During the 2018 election campaign, Doug Ford made a bold promise to protect free speech on university campuses. “We will ensure that publicly funded universities defend free speech for everybody,” Ford said at a campaign event in May 2018. Schools, he said, were placing too many limits on free speech.
In August 2018, Ford, by then Ontario’s premier, followed through on that promise: according to a directive from the Ministry of Training, Colleges and Universities, all post-secondary institutions had to introduce free-speech policies by January 1, 2019 — or face funding cuts.
Last week, the Progressive Conservatives announced another big change: a 10 per cent tuition reduction and the option for students to opt out of so-called non-essential fees, which include the levies that support many student newspapers and campus radio stations — important vehicles for free speech.
A reduction in student-generated revenue would come as a major blow to publications such as the Varsity, an award-winning University of Toronto newspaper that has a weekly circulation of 18,000 and has been around since 1880.
“The money we get from a student levy is instrumental for us to be able to not only produce and distribute a newspaper but also fairly pay the people that work for us,” says Jack O. Denton, the paper’s editor-in-chief. Revenue from student fees, he notes, accounts for the majority of its yearly budget and covers the salaries of 27 part-time employees and Denton himself, who is the sole full-time staffer during the school year.
Or take the example of CJRU, Ryerson University’s campus radio station: funded by a levy that students voted to adopt in 2011, it began as an online-only outlet two years later. In 2014, the station was granted an AM-radio licence — something that CJRU’s general manager, Jacky Tuinstra Harrison, says could not have happened without the levy: “It is impossible to get a radio licence without financials. I would say it was everything to be able to show the CRTC a document that said the students have voted in favour of this fee, and the university has agreed to administer this fee.”
Stephanie Rea, communications director for Merrilee Fullerton, Ontario’s minister of training, colleges and universities, said in an email to TVO.org that “post-secondary students are capable adults who deserve the right to decide what initiatives and services they wish to support.” She added that all student organizations will remain protected by the Ontario Campus Free Speech Policy.
But it is difficult to reconcile the government’s ostensible support of free speech with its opt-out policy, which will imperil many of the organizations responsible for essential journalism on campus. Student newspapers and radio stations across Ontario do crucial work holding student unions, university administrators, and other authorities to account. Last year, for example, Western University’s Gazette investigated allegations of “troubling practices” at a chiropractic clinic that was leasing space on campus from the University Students’ Council. The Varsity recently broke the story that U of T students in the Muslim Students Association had been the subject of surprise visits from RCMP and CSIS officers for three years.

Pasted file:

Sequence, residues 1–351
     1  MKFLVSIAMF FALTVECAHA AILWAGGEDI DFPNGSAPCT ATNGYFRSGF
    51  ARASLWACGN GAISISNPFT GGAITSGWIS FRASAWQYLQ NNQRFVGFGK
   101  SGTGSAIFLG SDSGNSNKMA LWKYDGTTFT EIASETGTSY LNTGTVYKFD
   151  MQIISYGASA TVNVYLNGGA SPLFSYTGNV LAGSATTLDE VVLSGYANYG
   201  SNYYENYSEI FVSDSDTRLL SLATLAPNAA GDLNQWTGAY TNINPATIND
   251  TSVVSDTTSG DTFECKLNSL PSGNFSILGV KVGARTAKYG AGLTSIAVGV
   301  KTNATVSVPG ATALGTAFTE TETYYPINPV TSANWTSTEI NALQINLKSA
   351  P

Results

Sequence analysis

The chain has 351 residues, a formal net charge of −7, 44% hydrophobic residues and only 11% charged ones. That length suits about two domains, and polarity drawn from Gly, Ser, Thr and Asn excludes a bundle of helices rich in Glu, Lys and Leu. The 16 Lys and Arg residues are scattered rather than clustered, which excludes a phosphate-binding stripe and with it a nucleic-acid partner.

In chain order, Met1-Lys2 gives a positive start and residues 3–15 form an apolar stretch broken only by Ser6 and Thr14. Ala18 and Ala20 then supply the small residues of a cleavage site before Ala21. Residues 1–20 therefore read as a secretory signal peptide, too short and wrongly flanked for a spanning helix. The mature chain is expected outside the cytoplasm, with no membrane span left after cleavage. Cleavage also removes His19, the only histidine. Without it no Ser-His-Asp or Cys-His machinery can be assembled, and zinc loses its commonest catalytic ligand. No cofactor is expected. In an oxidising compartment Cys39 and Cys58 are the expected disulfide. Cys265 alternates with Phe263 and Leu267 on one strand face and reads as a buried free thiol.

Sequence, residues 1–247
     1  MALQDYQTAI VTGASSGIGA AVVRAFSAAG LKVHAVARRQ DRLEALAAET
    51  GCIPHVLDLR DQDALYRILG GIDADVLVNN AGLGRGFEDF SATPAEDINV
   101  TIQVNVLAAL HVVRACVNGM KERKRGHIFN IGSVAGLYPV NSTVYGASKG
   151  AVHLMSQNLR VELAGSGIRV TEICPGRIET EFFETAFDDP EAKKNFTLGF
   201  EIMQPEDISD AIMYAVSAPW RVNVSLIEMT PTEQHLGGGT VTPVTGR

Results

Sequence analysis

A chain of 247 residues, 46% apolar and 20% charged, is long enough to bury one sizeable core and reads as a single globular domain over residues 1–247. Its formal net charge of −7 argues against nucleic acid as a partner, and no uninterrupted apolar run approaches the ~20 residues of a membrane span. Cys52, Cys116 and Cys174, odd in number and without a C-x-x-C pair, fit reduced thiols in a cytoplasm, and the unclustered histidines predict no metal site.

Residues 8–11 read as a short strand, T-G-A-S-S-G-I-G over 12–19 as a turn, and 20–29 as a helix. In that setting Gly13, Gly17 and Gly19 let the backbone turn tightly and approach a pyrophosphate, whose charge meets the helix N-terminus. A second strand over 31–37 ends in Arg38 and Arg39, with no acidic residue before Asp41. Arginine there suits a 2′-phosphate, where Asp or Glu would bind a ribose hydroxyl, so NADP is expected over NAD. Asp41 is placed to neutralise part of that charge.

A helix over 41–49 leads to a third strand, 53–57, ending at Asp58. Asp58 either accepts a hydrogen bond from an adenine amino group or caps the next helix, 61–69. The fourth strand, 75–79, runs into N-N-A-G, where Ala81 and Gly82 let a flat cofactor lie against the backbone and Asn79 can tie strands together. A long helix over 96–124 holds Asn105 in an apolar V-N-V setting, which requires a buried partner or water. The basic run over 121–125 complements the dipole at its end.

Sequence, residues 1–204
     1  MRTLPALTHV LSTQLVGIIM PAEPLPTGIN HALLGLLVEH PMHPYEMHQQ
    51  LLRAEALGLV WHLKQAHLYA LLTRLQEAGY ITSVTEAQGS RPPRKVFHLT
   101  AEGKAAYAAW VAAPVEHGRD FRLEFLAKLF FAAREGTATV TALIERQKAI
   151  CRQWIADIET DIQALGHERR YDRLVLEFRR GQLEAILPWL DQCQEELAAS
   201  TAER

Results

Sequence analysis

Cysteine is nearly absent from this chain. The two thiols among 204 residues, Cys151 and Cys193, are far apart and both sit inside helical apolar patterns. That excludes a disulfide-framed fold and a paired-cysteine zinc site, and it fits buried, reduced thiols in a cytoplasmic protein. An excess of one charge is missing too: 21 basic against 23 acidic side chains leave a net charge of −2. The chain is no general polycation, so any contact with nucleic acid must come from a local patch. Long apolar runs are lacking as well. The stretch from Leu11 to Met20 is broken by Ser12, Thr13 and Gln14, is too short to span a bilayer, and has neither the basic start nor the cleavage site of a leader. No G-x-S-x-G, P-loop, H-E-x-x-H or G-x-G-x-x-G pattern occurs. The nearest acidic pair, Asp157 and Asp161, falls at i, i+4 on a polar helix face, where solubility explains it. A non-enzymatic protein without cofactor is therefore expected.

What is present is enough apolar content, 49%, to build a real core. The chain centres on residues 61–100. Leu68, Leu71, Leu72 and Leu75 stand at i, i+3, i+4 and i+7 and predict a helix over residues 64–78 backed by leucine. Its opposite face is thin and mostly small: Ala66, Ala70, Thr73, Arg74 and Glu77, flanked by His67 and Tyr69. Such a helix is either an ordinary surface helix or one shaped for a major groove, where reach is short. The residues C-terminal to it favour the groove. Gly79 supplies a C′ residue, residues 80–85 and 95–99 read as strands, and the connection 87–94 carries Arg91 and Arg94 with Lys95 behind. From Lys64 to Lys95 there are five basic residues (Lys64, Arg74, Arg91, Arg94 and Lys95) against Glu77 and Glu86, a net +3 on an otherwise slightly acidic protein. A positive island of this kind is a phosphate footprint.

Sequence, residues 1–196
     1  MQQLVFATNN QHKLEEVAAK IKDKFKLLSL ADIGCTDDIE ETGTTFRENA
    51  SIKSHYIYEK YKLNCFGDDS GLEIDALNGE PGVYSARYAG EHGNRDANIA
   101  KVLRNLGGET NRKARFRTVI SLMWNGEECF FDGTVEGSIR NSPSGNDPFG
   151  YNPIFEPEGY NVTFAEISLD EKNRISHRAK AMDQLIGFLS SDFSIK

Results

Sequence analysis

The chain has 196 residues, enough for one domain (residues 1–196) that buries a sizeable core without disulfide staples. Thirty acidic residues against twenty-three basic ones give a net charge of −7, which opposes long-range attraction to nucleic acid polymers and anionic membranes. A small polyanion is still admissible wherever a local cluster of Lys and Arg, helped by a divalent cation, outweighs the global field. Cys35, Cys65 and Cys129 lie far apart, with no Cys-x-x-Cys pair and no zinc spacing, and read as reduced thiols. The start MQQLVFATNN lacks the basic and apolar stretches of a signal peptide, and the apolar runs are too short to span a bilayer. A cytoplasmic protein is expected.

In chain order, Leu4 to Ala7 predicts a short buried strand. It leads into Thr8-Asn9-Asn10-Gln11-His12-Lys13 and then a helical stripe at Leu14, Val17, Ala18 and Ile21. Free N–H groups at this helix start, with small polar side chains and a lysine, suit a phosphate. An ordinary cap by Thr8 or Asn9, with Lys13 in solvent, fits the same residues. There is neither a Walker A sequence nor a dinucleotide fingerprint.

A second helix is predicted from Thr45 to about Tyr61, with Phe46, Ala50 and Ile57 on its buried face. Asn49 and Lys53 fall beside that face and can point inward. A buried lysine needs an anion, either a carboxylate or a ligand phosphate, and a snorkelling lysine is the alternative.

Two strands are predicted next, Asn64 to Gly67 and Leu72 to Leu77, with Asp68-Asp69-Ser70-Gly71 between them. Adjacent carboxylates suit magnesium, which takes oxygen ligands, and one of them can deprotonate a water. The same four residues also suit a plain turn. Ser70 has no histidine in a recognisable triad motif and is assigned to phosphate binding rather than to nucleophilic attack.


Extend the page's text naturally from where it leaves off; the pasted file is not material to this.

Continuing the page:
“That [the Tories’ funding policy] was done with little consultation with students is further proof that the Ford government does not truly have the interests of students in mind,” wrote Emma McPhee, vice-president of the Canadian University Press, in a statement released last week. “This decision is a direct hit to institutional transparency, healthy democratic dialogue on campuses, freedom of the press and the free speech that the Ford government claims so strongly to defend.”
It is up to the universities to decide what constitutes an essential service. According to Rea, the ministry, for its part, describes essential services as those that “support student health and safety and important student experience initiatives; support institutions in providing critical campus-wide services and activities which are integral; support major projects the institution may be undergoing and service a business need.”
Rea added, “We expect institutions to implement the classification system, keeping with the spirit of the policy to provide students a choice in which ancillary fees they pay.”
Denton hopes that U of T’s administration will deem the Varsity an essential service, which would mean that students would not be able to opt out of funding it. (Elizabeth Church, a spokesperson for U of T, stated in an email to TVO.org that the school is working to determine what impact the government’s announced changes will have and to establish next steps.) But he cautions that “the fact that colleges and universities are now in the position of power to decide whether or not what are often the only media institutions keeping them accountable ... are essential or not is problematic in and of itself.”
In the end, it may be the students themselves who end up protecting free speech on campus. After all, many of them did vote in favour of supporting these media organizations. Last year, the Varsity successfully campaigned to have its undergraduate and graduate levies raised by 80 cents. Those students have already made a democratic choice in favour of a free press.
If their newspapers and radio stations are to survive the Ford government, they may have to do so again.
H.G. Watson is an assistant editor at TVO.org and a former managing editor of J-Source. She is also a former employee and board member of Wilfrid Laurier University Student Publishing, a former employee of the University of Windsor Lance, and a former board member of CJAM, the University of Windsor’s campus radio station.
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